Well if it was a picture of a Chinese employee with his government employee card in front of him putting in the chip I'd consider it decent proof.
     
  10. Doc-of-FC

    Doc-of-FC Member

    Joined:
    Aug 30, 2001
    Messages:
    3,278
    Location:
    Canberra
    If the chip is inline to the BMC you've got a lot of options.

    For example, if a system level driver (which they usually are) is open to exploitation e.g. lack of bounds checking or string length validation on the BMC data feed (because the BMC is designed to send data in a fixed format) or a usually lax, undocumented 'developer / debug' functionality then it's reasonable to assume the chip could be used for signals analysis and re-writing.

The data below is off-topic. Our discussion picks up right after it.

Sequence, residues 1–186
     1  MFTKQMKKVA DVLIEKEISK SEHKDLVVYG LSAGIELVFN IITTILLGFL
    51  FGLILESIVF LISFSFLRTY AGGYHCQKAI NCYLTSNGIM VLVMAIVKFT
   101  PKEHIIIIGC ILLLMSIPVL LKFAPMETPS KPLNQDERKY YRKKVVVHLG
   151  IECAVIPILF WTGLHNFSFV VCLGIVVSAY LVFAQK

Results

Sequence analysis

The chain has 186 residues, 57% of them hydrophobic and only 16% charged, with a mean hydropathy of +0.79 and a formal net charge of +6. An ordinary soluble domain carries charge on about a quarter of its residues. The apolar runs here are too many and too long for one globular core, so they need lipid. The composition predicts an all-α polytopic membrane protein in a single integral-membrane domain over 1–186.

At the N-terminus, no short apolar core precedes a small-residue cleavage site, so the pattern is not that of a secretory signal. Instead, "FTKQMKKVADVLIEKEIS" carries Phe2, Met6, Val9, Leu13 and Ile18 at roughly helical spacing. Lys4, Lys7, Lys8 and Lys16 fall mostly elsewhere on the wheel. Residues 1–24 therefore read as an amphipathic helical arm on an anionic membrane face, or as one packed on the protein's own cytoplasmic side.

Passing machine executable code to the processor, from the BMC or partnering driver, which is already ring 1, possibly ring 0, isn't unimaginable and a very soft target, activating passive devices has been known about for well over 50 years, for example The_Thing. it wouldn't be hard to create a monopole antenna on a motherboard, the thing is already full of traces ;)

    Supermicro / Asus usually ship ASpeed ILO controllers, although without more specifics from Bloomberg it's really quite difficult to point to a particular hypothetical vector.
     
    Matthew kane likes this.
  11. millsy_c

    millsy_c Member

    Joined:
    Mar 31, 2007
    Messages:
    12,553
    Location:
    Brisbane
    Unframed likes this.
  12. l_ QuadX_l

    l_ QuadX_l Member

    Joined:
    Jan 11, 2016
    Messages:
    132